Before my lady-abbess, and discuss
Things only known to the devout and pure
O'er her spiced bowl — then shrive the sisterhood,
Sitting by turns with an inclining ear
In the confessional.

He moves his lips
As with a curse then paces up and down,
Now fast, now slow, brooding and muttering on;
Gloomy alike to him future and past.

But, hark! the nimble tread of numerous feet! 'T is but a dappled herd, come down to slake Their thirst in the cool wave.

He turns and aims; Then checks himself, unwilling to disturb The sleeping echoes. — Once again he earths ; Slipping away to house with them beneath, His old companions in that hiding-place, The bat, the toad, the blind-worm, and the newt;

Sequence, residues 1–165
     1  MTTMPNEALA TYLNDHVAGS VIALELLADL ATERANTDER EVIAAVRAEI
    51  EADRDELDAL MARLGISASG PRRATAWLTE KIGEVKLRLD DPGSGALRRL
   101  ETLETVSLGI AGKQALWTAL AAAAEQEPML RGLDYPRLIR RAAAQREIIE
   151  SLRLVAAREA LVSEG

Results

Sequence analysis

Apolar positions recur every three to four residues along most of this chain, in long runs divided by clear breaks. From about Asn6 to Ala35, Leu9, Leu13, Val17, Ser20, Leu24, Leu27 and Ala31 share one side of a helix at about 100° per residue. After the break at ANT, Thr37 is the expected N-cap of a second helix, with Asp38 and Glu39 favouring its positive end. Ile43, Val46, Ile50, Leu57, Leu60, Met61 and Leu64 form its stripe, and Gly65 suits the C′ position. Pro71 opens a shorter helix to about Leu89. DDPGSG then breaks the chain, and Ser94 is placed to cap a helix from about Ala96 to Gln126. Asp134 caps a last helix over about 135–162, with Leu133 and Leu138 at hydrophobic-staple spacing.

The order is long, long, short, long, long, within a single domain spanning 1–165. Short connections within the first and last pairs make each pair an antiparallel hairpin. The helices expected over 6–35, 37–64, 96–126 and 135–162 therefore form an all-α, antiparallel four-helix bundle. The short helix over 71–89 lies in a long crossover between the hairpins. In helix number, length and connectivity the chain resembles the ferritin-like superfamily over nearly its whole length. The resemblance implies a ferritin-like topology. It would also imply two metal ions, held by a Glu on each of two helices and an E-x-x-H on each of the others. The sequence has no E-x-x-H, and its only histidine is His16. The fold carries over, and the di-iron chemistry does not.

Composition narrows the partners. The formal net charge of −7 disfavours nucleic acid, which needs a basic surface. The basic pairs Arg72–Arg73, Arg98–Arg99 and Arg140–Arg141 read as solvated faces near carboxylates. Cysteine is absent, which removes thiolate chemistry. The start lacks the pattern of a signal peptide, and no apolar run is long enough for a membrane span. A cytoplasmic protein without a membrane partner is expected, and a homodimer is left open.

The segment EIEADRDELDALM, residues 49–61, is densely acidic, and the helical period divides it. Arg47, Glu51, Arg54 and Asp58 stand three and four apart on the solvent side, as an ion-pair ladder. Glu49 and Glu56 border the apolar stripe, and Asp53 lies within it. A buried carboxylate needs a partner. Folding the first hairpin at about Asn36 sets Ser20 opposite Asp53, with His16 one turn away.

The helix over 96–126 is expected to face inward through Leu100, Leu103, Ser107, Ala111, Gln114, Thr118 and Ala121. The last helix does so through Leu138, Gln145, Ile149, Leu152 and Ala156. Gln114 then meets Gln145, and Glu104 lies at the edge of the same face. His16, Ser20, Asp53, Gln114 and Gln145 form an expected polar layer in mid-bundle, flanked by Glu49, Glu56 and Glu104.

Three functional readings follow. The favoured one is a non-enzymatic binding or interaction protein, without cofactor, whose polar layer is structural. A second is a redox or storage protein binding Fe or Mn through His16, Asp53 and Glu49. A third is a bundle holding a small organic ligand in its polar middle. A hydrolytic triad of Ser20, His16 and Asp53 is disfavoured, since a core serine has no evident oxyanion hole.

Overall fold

And, hark ! a footstep, firm and confident,
As of a man in haste. Nearer it draws;
And now is at the entrance of the den.
Ha! 't is a comrade, sent to gather in
The band for some great enterprise.

Who wants
A sequel, may read on. The unvarnished tale,
That follows, will supply the place of one.
’T was told me by the Count St. Angelo,
When in a blustering night he sheltered me
In that brave castle of his ancestors
O’er GARIGLIANO, and is such indeed
As every day brings with it --- in a land
Where laws are trampled on and lawless men
Walk in the sun; but it should not be lost,
For it may serve to bind us to our country.

AN ADVENTURE.

283

THREE days they lay in ambush at my gate,
Then sprung and led me captive. Many a wild
We traversed ; but RUSCONI, 't was no less,
Marched by my side, and, when I thirsted, climbed
The cliffs for water; though, whene'er he spoke,
'T was briefly, sullenly; and on he led,
Distinguished only by an amulet,